That is already what Partial means, that some comparisons can not be made. Simply not implementing Eq for this type would already express the relevant facts to me, the implementation forwards to a total comparison but instead of protecting it with an assertion it could simply return false. The additional semantics of incomparability being an error are better and simpler expressed with a properly named method and Result<_,_>. I'm also puzzled why you choose to overload the comparison operator in the first place. Usually this is done for the sake of readability for common operations but having to write extra code to handle the additional intended code path has the opposite effect of making it much harder to read. The short code example as given does not provide sufficient incentive for a change to operators.


Note also that PartialCmp is pretty much fallible comparison. There's no operator that calls partial_cmp automatically, but you can use an explicit partial_cmp call to compare two objects in a fallible manner, returning Option<Ordering>.

If partial_cmp is #[inline] or otherwise in the same translation unit, a.partial_cmp(&b) == Some(Ordering::Equal) should trivially optimize down to just doing the comparison (and "can I compare" check).

I agree that for the OpAssign operators, they shouldn't be used if the regular operator doesn't return Self. Operators in general should be implemented only if they follow the "obvious" meaning for that type (and by "obvious" I mean the widely accepted mathematical meaning of that operator on that mathematical type).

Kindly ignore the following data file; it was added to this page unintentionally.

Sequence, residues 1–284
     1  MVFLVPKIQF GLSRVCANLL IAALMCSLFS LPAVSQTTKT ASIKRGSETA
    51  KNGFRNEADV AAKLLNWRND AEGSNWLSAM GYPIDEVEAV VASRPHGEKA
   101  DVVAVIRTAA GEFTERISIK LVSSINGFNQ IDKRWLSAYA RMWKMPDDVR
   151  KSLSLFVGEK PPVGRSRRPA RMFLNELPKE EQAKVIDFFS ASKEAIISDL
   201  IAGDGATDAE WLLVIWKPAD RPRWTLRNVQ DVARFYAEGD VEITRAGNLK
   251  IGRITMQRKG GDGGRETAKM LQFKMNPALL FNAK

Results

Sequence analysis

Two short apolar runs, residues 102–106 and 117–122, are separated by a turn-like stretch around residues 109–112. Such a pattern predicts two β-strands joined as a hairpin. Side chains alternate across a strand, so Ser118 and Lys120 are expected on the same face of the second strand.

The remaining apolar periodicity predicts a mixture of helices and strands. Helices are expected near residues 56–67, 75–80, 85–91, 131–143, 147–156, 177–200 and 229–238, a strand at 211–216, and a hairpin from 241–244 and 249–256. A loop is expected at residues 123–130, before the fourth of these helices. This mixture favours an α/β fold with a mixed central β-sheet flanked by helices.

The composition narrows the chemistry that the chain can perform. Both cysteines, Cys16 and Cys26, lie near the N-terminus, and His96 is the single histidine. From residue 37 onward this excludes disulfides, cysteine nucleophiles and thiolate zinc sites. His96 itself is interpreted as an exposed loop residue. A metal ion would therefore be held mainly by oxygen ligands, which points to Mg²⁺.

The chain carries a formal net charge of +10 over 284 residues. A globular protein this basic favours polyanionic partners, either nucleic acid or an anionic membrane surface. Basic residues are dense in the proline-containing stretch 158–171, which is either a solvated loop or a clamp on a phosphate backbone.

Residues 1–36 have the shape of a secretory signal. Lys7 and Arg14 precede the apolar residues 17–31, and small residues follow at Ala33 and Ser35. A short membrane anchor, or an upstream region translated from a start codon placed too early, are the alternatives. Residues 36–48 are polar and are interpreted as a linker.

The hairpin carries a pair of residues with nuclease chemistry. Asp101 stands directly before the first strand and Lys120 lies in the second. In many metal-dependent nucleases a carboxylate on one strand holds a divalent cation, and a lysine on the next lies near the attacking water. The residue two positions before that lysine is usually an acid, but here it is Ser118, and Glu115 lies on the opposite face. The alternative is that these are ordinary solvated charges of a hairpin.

Ah, I hadn't realized it would be ambiguous. That's enough to kill the idea right there. I withdraw my idea from consideration, but want to answer everyone's comments below.

I think you might have misunderstood what I was trying to explain. The types can be compared, its just that some values cannot be correctly compared. As I said in the original example, this is easy to solve for PartialEq, but not as easy to solve for BitAndAssign.

That said, I really should have used a different example; that example was the smallest I could think of off hand.

Yeah, the more I think about it, the more I think you guys are right. The reason I started thinking about it was because of how I'm implementing various operator traits on some of my data structures. I have a lot of structs that only have one or two fields being compared out of some number that are collected together in the struct. In some cases the types can be compared, but certain values can't be compared to one another. PartialCmp solves this easily for my problems, but because I was thinking about it, I took a quick look to see if there were operators defined where you don't have the option of returning Result or Option (anything where you choose your return type doesn't have this issue). The ones I found quickly are the ones I listed. But since my method would be ambiguous, and since I do not want to propose new operators like =?, I think that this idea should go away.

Thank you all for reading and commenting on it!


Well, some sort of design around this could be used for basic arithmetic operations to signal overflow—so perhaps not that niche...